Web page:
Have you heard of Smedley Butler? Perhaps not lately. He was a U.S. Marine who received the Congressional Medal of Honor TWICE. Also the Corps’ highly respected Brevet Medal and the Army and Navy Distinguished Service Medal. He retired as a Major General in 1939.
But before he retired, in 1935, he wrote a book. Was it called Courage in Battle? No. Was it called We Defend the World? No. Was it called America, Love It or Leave It? No. It was called War is a Racket.
Based on his career as a military officer, Butler discussed—first in a speech then later in book form—how business profiteered from war. In the book, he summarized his view this way:
War is a racket. It always has been. It is possibly the oldest, easily the most profitable, surely the most vicious. It is the only one international in scope. It is the only one in which the profits are reckoned in dollars and the losses in lives. A racket is best described, I believe, as something that is not what it seems to the majority of the people. Only a small ‘inside’ group knows what it is about. It is conducted for the benefit of the very few, at the expense of the very many. Out of war a few people make huge fortunes.
Butler suggested three actions to quell the war racket. First, take the profit motive out of war:
It can be smashed effectively only by taking the profit out of war. The only way to smash this racket is to conscript capital and industry and labour before the nation’s manhood can be conscripted. … Let the officers and the directors and the high-powered executives of our armament factories and our steel companies and our munitions makers and our ship-builders and our airplane builders and the manufacturers of all other things that provide profit in war time as well as the bankers and the speculators, be conscripted — to get $30 a month, the same wage as the lads in the trenches get.
Second, decide to go to war only by a limited referendum, with the only eligible voters being those who would fight on the front lines.
Third, limit the military to only actions of self-defense, with the Navy staying within 200 miles of the U.S. coastline, the army held within the country’s territorial limits.
By 1940, he was dead at age 58, via an illness similar to cancer.
By 1961, Dwight D. Eisenhower, another war hero and a Republican president, was warning America of the military-industrial complex’s potential to take over Washington. By 1964, we saw it spreading with our invasion of Vietnam, followed in our new century with the quagmires of Afghanistan and Iraq.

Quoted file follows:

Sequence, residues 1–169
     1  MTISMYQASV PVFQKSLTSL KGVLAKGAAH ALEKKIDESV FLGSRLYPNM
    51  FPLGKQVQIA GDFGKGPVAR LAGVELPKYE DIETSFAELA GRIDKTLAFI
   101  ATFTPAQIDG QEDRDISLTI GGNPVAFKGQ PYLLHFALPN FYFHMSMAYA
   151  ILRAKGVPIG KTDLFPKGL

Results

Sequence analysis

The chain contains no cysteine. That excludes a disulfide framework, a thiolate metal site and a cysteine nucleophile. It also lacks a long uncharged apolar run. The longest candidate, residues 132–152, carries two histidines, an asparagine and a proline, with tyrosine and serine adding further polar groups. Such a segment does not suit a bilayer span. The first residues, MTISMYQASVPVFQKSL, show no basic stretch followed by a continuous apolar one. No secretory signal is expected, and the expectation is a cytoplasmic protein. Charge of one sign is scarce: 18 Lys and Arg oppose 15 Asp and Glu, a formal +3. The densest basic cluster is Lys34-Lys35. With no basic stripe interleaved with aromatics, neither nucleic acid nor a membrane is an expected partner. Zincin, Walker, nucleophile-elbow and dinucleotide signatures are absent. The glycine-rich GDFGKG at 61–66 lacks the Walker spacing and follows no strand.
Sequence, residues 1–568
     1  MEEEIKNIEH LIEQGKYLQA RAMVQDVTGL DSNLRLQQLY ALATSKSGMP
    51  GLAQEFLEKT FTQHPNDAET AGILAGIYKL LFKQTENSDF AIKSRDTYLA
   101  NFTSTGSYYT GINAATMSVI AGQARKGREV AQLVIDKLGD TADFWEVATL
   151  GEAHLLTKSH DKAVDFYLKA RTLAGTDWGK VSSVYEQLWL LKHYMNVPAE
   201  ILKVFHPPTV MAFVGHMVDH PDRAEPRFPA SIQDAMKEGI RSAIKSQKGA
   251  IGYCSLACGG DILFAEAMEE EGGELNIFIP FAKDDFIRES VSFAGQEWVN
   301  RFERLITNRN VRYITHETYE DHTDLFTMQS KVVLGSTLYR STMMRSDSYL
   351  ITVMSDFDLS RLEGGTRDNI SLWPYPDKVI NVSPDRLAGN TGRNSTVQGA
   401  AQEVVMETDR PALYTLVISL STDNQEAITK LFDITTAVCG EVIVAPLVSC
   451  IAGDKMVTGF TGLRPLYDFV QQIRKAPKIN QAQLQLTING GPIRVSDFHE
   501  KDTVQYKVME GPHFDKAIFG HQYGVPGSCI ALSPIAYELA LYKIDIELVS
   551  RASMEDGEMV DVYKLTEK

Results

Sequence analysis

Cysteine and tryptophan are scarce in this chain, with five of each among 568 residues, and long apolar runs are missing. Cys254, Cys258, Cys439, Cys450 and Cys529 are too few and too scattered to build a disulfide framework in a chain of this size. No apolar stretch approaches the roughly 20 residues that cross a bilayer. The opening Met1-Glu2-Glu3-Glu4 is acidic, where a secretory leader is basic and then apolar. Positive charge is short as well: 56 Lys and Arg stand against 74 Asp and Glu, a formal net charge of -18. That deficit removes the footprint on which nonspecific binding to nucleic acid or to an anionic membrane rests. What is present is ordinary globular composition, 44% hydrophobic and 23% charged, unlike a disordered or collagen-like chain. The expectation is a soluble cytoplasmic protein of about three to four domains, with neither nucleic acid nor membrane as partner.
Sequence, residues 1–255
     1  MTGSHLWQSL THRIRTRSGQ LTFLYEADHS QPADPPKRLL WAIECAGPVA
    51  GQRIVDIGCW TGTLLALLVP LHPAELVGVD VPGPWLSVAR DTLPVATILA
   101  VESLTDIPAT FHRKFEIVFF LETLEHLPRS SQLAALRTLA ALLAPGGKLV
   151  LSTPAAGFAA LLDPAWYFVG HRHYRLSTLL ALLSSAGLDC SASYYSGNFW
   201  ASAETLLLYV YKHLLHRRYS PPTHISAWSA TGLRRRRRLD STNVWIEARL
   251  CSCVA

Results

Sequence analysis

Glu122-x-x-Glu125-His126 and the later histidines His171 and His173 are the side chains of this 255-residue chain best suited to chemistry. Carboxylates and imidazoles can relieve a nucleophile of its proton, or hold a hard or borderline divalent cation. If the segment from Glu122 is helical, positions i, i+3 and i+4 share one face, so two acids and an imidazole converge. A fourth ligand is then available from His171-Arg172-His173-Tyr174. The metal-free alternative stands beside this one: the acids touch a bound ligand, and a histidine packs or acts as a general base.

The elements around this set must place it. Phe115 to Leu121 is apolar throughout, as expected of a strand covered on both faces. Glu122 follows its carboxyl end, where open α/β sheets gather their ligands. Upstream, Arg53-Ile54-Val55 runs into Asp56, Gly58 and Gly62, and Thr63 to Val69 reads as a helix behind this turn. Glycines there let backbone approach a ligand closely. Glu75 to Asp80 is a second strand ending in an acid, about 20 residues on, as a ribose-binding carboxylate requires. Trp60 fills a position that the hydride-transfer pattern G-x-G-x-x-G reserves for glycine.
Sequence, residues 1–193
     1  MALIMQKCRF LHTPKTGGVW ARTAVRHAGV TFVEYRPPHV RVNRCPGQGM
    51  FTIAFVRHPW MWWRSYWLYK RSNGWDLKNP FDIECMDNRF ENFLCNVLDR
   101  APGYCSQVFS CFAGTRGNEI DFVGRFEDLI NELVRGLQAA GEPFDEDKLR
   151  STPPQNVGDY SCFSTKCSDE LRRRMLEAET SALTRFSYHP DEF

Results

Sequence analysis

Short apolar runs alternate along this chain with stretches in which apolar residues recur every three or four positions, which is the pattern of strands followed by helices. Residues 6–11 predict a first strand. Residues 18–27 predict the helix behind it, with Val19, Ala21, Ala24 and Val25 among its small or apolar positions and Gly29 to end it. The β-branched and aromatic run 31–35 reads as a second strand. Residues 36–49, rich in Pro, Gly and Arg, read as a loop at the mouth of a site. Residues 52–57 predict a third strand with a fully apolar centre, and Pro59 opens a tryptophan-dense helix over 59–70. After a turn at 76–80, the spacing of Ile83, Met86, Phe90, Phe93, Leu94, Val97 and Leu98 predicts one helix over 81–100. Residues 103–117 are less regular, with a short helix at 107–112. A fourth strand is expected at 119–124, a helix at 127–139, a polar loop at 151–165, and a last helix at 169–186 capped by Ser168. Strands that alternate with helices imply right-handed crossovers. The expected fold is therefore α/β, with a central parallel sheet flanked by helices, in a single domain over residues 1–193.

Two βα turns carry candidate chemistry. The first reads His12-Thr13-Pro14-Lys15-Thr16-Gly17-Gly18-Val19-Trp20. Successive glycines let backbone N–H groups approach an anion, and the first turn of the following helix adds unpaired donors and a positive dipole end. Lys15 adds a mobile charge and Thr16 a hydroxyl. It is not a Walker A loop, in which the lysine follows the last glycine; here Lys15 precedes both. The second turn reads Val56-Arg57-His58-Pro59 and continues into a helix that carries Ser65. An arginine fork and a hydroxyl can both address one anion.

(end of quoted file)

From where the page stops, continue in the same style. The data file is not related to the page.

Which brings us to this week, and the Obama administration beginning to ingrain us again in Iraq. This from today’s Associated Press:
Obama met with his national security team Monday evening to discuss options for stopping the militants known as the Islamic State of Iraq and the Levant. Officials said the president has made no final decisions on how aggressively the U.S. might get involved in Iraq, though the White House continued to emphasize that any military engagement remained contingent on the government in Baghdad making political reforms.
Still, there were unmistakable signs of Americans returning to a country from which the U.S. military fully withdrew more than two years ago. Obama notified Congress that up to 275 troops would be sent to Iraq to provide support and security for U.S. personnel and the American Embassy in Baghdad. The soldiers — 170 of which have already arrived in Iraq — were armed for combat, though Obama has insisted he does not intend for U.S. forces to be engaged in direct fighting.
“We are hard-wired into their system,” the fledgling democracy that America helped institute, said Ryan Crocker, a former U.S. ambassador to Baghdad. “We can’t walk away from it.”
This, of course, is an exercise in military frustration and continued corporate profit. Frustration because a foreign nation that’s a couple of hundred years old (America) is trying to end a 14-centuries-old religious rivalry. National Public Radio summarized that yesterday in a report, which you can read and listen to here.
Meanwhile, the multinational corporations will benefit by continuing to support America’s efforts in nationalism and endless war, and also in rebuilding destroyed areas in the aftermath. And don’t forget how both the U.S. and Russia profit from weapons sales.
You can find a listing of corporations profiting from the military here. A good place to begin as you get organized, get educated, and get active in changing your government’s racket that Washington doesn’t want to change.